Is it illegal for an employer to discriminate against a person because he is gay or she is lesbian? After the Supreme Court’s decision in the same-sex marriage case, you would think that the answer would be an obvious “yes.” But it’s not that simple. In fact, until very recently almost all of the Circuit Courts that have considered the issue have held that discrimination based on sexual orientation does not violate Title VII, which is part of the 1964 Civil Rights Act. Title VII prohibits employment discrimination on the basis of “race, color, religion, sex, or national origin.” So if Mr. Smith is fired because he is gay, has he been discriminated on the basis of “sex”?
This was the issue before the 7th Circuit, sitting en banc in a recent case. Kimberly Hively alleged in her suit that she was passed over for promotion, and later terminated by Ivy Tech Community College for the sole reason that she was openly lesbian. By a vote of 8-3, the court held that discrimination based on sexual orientation is a form of sex discrimination. The opinions of the judges, both majority and dissent, make for interesting reading.
The majority opinion is written by Judge Diane Wood, who I knew when she and I were both undergrads at UT Austin. She points out in her opinion the weirdness of the current legal landscape whereby a gay person “can be married on Saturday and then fired on Monday for just that act.” Citing the same-sex marriage case and other Supreme Court cases on analogous topics, the majority concludes that discrimination based on sexual orientation is a subset of sex discrimination and, therefore, equally illegal.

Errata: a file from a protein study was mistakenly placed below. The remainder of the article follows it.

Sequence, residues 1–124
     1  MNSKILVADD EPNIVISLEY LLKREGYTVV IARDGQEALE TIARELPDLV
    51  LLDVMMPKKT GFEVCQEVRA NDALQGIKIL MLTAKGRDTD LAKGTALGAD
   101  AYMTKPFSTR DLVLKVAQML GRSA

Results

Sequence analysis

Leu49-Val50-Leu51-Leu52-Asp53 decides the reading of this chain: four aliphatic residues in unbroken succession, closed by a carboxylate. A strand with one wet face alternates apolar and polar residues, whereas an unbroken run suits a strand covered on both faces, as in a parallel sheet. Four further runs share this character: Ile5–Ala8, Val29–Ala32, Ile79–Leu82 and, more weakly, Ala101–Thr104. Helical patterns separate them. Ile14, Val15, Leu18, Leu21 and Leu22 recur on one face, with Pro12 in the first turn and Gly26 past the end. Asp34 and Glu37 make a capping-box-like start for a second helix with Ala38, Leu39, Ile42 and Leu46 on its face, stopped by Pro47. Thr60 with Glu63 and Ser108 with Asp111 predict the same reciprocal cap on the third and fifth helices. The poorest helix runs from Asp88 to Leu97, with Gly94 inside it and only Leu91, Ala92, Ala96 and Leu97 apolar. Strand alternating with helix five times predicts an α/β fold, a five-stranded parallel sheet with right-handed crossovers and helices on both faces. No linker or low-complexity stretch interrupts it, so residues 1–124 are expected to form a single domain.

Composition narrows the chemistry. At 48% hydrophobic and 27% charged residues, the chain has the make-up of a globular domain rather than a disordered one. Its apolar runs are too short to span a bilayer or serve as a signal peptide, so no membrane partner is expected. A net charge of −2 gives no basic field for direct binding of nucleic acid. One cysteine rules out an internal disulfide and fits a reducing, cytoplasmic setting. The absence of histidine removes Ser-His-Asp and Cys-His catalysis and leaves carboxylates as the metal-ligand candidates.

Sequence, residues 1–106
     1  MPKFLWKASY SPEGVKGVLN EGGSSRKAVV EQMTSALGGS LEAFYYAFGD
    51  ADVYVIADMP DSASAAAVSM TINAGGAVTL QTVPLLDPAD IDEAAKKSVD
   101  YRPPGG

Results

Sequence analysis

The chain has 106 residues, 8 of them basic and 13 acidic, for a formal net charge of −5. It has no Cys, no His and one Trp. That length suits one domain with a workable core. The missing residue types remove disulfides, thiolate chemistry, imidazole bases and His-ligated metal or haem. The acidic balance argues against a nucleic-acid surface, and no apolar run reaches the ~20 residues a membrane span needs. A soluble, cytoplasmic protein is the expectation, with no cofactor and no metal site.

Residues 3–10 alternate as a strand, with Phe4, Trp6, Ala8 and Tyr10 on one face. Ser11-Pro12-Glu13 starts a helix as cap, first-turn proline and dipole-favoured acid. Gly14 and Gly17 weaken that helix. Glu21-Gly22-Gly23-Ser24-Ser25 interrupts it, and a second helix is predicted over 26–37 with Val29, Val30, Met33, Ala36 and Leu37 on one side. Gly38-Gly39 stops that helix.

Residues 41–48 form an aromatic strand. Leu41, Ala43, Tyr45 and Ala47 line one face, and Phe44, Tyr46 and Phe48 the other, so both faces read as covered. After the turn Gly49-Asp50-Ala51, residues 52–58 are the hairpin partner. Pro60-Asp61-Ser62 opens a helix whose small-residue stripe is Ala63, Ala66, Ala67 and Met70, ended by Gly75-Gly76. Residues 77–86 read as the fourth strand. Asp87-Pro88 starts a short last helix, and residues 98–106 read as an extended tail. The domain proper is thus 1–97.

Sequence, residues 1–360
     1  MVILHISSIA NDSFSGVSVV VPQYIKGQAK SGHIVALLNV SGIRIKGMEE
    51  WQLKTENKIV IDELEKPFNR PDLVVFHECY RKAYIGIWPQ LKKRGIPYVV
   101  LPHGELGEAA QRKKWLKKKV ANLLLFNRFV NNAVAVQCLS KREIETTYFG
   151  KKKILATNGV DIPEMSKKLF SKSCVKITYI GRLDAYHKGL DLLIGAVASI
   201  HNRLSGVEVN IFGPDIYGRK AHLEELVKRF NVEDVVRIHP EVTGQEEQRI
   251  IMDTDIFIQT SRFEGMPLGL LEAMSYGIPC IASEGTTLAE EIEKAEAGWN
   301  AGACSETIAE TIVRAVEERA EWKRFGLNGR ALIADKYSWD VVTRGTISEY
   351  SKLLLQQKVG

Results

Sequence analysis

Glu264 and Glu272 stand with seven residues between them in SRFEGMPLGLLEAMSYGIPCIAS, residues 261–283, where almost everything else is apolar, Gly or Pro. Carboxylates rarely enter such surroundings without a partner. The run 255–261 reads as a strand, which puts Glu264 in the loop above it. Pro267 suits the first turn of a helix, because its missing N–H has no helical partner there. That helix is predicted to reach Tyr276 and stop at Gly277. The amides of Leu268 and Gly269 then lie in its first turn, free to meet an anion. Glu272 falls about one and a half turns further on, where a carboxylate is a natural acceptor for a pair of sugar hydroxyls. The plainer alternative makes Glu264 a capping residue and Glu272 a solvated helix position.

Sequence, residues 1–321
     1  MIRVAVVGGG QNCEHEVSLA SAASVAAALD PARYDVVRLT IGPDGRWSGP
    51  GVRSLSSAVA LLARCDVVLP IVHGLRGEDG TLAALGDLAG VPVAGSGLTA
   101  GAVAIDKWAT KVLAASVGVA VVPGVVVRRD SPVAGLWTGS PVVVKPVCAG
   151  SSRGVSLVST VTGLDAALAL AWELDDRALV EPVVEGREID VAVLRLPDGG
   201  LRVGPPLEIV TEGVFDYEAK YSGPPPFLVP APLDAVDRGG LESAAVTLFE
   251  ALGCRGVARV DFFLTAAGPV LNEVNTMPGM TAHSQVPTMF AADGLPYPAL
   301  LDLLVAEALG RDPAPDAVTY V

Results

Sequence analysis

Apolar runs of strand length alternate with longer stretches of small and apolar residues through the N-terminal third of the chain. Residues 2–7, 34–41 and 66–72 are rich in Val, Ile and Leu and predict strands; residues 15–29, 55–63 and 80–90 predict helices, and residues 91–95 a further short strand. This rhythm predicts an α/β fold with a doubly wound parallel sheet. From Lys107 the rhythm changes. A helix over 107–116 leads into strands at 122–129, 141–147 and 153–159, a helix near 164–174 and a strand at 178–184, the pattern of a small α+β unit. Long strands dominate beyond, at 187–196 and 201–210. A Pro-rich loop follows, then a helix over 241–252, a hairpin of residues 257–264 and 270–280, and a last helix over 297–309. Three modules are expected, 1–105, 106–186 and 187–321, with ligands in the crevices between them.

Judge Posner’s erudite concurring opinion overtly embraces the idea that judges can, and should, re-interpret statutes as the culture changes. He cites his own life experience:
It is well-nigh certain that homosexuality, male or female, did not figure in the minds of the legislators who enacted Title VII. I had graduated from law school two years before the law was enacted. Had I been asked then whether I had ever met a male homosexual, I would have answered: probably not; had I been asked whether I had ever met a lesbian I would have answered “only in the pages of A la recherche du temps perdu.” [Remembrance of Things Past by Marcel Proust]. Homosexuality was almost invisible in the 1960s. It became visible in the 1980s as a consequence of the AIDS epidemic; today it is regarded by a large swathe of the American population as normal.
The three dissenting judges were equally eloquent in urging the court not to do for Congress what Congress should do for itself:
It’s understandable that the court is impatient to protect lesbians and gay men from workplace discrimination without waiting for Congress to act. Legislative change is arduous and can be slow to come. But we’re not authorized to amend Title VII by interpretation. The ordinary, reasonable, and fair meaning of sex discrimination as that term is used in Title VII does not include discrimination based on sexual orientation, a wholly different kind of discrimination.
This case may end up before the Supreme Court. If it gets there, it will have implications not only for gay and lesbian employees, but also transgender employees and students.
The case is Hively v. Ivy Tech Community College, decided by the 7th Circuit on April 4, 2017. We found it at 2017 WL 1230393.
DAWG BONE: AS THE CULTURE CHANGES, THE LAW FOLLOWS….EVENTUALLY.
File this one under: LABOR AND EMPLOYMENT
Tomorrow: a radical idea for your consideration….